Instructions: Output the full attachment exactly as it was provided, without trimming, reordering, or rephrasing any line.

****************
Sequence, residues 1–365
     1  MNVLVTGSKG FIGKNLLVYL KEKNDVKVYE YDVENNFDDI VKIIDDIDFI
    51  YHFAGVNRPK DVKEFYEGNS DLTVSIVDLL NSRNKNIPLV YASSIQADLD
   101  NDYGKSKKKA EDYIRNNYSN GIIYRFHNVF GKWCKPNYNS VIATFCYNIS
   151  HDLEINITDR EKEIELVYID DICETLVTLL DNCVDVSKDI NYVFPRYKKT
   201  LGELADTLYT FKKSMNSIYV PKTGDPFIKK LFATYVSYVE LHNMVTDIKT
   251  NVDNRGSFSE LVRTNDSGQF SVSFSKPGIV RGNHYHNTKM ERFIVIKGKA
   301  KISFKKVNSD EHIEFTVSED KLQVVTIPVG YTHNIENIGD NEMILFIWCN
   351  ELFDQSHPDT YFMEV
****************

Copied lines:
Sequence, residues 1–365
     1  MNVLVTGSKG FIGKNLLVYL KEKNDVKVYE YDVENNFDDI VKIIDDIDFI
    51  YHFAGVNRPK DVKEFYEGNS DLTVSIVDLL NSRNKNIPLV YASSIQADLD
   101  NDYGKSKKKA EDYIRNNYSN GIIYRFHNVF GKWCKPNYNS VIATFCYNIS
   151  HDLEINITDR EKEIELVYID DICETLVTLL DNCVDVSKDI NYVFPRYKKT
   201  LGELADTLYT FKKSMNSIYV PKTGDPFIKK LFATYVSYVE LHNMVTDIKT
   251  NVDNRGSFSE LVRTNDSGQF SVSFSKPGIV RGNHYHNTKM ERFIVIKGKA
   301  KISFKKVNSD EHIEFTVSED KLQVVTIPVG YTHNIENIGD NEMILFIWCN
   351  ELFDQSHPDT YFMEV